BIOE 149 Disease Ecology Syllabus

Instructor: Dr. Marm Kilpatrick

Assistant Professor, Ecology and Evolutionary Biology

Office: A332 EMS

Phone: (831) 459-5070

Email: akilpatr@ucsc.edu

Office Hours: Tue 12-1pm  and by appt.

 

TA: Tony Kovach

Email: tokovach@gmail.com

Office Hours: Tu 845-945 AM; Fr 1045-1145 AM  in Biomed 220

 

Lecture: Porter Acad 148; Tu, Th 10-11:45 am

Discussions:

Th 8:30-9:40 am Baskin Engineering 165

Fri 9:30-10:40 am Baskin Engineering 165

Course Description: This is a class on problem solving and critical thinking.  We will focus on problems related to the ecological and evolutionary processes that drive the transmission of pathogens between hosts; the impact of disease on host populations; and what causes the emergence of an infectious disease. The course content includes a theoretical framework, hands-on experience with field techniques, and a discussion of wildlife and human diseases including Zika, Ebola, influenza (swine flu, bird flu), malaria, West Nile virus, Lyme disease, HIV, Chikungunya, tuberculosis, chytridiomycosis, and many others.

 

Course Readings: There is no book.  See schedule of readings below.

 

Quizzes: There will be a 5 minute quiz at the beginning of each lecture on the reading for that week.  There will be questions on the two papers in columns I and II (see below), with questions on papers in column II providing extra credit for undergraduates.  4 things to get from each reading: 1) main question of paper, 2) type of study, 3) major finding, 4) major flaw(s).  Quizzes are written so that you can’t get answer from title/abstract, but it is obvious from reading paper.

 

Attendance: Attendance at lectures and discussion is mandatory and attendance will be taken.  Course readings complement the lectures but only represent 25% of the material discussed in a given week, so if you miss a lecture you need to find a fellow student who will share their notes.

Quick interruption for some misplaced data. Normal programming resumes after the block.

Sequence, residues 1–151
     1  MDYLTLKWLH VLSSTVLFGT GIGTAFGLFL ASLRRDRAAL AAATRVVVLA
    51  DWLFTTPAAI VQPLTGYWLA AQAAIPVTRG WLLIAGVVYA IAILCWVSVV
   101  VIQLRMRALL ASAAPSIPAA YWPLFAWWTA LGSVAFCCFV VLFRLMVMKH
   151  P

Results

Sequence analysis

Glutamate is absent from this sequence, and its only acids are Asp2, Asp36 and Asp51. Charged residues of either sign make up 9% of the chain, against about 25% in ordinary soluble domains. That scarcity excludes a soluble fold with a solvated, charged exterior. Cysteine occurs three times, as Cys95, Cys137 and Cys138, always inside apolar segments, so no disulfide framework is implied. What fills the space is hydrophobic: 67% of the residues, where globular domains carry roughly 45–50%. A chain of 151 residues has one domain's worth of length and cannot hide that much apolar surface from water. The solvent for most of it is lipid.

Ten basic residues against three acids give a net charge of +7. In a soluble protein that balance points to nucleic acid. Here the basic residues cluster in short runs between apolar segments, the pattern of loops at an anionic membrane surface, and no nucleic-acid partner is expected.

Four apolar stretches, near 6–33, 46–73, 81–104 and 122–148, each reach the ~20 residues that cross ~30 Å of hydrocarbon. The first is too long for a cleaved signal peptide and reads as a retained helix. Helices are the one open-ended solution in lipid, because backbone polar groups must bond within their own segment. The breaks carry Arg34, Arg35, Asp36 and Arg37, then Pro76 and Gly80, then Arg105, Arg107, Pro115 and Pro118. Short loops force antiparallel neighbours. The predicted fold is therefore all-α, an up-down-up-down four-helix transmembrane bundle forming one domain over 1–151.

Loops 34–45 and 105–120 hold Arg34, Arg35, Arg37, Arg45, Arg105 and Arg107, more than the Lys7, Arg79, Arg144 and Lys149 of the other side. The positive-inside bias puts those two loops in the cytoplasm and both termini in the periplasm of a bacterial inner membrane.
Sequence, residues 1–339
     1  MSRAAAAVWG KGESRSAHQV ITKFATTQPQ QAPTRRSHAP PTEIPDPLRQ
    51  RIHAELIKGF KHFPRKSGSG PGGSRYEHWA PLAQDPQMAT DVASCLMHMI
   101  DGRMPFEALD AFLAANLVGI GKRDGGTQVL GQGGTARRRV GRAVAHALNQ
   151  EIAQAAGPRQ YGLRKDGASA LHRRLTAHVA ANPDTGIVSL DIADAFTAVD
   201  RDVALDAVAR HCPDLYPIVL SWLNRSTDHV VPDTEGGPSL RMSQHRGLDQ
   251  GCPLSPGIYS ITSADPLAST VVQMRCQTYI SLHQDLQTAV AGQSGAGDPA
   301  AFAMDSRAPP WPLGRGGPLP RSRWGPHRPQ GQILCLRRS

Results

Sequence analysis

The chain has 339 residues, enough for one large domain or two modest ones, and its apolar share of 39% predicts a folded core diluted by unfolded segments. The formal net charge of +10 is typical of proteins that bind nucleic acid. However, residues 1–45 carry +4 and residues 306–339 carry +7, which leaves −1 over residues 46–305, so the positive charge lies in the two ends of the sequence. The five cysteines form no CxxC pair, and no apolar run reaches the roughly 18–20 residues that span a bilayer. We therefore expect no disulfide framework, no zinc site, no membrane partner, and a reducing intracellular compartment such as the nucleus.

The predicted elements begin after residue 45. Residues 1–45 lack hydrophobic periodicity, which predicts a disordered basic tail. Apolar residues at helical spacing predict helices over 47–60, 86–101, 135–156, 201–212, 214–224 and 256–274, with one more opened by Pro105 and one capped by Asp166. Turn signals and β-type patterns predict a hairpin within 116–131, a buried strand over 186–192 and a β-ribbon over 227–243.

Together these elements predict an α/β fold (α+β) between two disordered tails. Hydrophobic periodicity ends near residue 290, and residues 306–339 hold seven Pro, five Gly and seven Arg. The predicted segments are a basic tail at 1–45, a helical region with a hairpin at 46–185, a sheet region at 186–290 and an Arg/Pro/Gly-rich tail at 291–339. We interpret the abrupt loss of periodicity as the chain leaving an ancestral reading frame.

Grades: Quizzes 15%; Poster Project 15%; Midterm 25%; Discussion Activities: 15% Final: 30%.

Weekly Schedule. Everyone should read the paper in column I (before that class, except #1), grad students and undergrads looking for extra credit should read the paper in column II (columns I, II will be the material for the daily quizzes).  Papers in column III are either advanced readings, or additional readings for those especially interested in the topic. 

 

 

 

Wk Day Date Topic ReadingsI       II       III

1

Tue

Mar 29

What is disease ecology, and what is it good for? 1 2 3

1

Thu

Mar 31

Foundations of disease ecology: SIR models, R0, Frequency and density dependent transmission, Nth 4 5 6, 7

2

Tue

Apr 5

Directly transmitted human pathogens 8 9 10

2

Tue

Apr 7

Disease impacts on populations and ecosystems 11 12 13

3

Thu

Apr 12

Livestock, wildlife, zoonotic pathogens 14 15

3

Thu

Apr 14

Disease control: Vaccination, Behavioral changes, culling 16 17 18

4

Tue

Apr 19

Building a model: Cholera 19,20  

4

Thu

Apr 21

Pathogen interactions via the immune system, and parasite caused changes in host behavior 21 22

5

Tue

Apr 26